March 26, 2018 / 6:58 PM / 8 months ago

Chevron's Venezuela oilfields operating normally -executive

NEW ORLEANS, March 26 (Reuters) - Chevron Corp’s Venezuela oilfields continue to operate normally, a senior executive at the U.S. company said on Monday, even as concerns mount about the OPEC member’s production due to a host of challenges.

Chevron operates in Venezuela, home to the world’s largest oil reserves, as part of its 30 percent stake in the Petropiar joint venture with PDVSA, the Venezuelan state-controlled oil company.

Even as Exxon Mobil Corp and other companies in recent years have left the country, Chevron has stayed and has consistently said its operations there are fine.

“The upstream operations are still functioning and our focus is on safe operations and protecting people,” Jay Johnson, Chevron’s head of upstream operations, told Reuters on the sidelines of the Scotia Howard Weil energy conference in New Orleans.

Johnson declined to comment when asked if Chevron has been asked by PDVSA - or expects to be asked - to divert crude from export to PDVSA refineries.

Reuters reported last fall that PDVSA asked the Petropiar joint venture with Chevron to turn over as much as 45 percent of the oil it planned to export in November with no immediate reimbursement.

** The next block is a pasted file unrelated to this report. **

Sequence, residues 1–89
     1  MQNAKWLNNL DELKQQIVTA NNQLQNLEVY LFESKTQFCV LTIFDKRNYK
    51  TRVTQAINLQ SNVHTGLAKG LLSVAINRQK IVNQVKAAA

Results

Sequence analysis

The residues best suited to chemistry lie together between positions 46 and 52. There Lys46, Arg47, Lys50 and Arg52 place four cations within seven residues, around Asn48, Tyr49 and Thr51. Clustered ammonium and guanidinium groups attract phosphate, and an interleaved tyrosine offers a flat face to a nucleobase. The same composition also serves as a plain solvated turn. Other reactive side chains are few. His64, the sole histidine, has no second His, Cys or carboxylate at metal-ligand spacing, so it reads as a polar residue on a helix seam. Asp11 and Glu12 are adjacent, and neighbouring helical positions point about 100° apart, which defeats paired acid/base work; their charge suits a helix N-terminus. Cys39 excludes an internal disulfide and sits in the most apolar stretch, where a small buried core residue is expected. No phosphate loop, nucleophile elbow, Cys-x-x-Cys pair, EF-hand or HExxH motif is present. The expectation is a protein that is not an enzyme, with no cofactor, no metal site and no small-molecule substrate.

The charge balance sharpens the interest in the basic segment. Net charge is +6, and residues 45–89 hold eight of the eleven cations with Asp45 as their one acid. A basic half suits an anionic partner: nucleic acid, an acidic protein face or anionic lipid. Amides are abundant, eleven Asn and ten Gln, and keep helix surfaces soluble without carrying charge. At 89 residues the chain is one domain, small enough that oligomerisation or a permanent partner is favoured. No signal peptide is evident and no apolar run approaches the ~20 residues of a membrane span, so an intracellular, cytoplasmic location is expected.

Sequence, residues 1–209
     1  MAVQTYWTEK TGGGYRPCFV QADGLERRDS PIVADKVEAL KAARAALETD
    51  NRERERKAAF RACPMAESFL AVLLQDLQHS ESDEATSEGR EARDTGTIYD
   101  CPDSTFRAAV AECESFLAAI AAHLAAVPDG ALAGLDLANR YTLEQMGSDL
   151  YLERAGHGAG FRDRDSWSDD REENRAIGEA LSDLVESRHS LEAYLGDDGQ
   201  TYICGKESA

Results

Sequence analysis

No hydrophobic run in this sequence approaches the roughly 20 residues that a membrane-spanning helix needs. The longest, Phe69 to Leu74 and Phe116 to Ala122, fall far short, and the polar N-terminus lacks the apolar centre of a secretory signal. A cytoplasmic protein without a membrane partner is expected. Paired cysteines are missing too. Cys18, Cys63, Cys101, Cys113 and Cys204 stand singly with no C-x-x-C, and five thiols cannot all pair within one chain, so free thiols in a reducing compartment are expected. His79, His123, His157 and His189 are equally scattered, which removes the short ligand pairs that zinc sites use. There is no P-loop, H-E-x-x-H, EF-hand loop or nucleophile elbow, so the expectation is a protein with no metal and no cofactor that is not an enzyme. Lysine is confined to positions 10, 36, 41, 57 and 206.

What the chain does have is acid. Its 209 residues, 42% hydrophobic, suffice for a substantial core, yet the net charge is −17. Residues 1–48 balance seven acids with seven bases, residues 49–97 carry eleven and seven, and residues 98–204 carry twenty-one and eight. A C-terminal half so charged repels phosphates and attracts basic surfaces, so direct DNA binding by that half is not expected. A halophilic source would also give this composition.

Venezuela’s overall oil production fell to a 28-year low last year amidst insufficient investments, payment delays to suppliers, U.S. sanctions and a talent brain drain.

Separately, Johnson said the recent U.S. tax overhaul has not had a “major impact” on the company, the world’s third-largest publicly traded oil producer, as it already uses much of its cash generated overseas on foreign operations.

“On balance, though, a lower tax rate is better for us and does make the U.S. more competitive,” said Johnson.

When asked his views on renewable energy, Johnson said he supports all forms of energy, including solar and wind. He added he has a solar array built onto the roof of his California home.

“It only takes a day or two without power for people to realize how important energy is to our lives,” said Johnson, who joined Chevron 37 years ago and has been in his current role since 2015. (Reporting by Ernest Scheyder; Editing by Lisa Shumaker)

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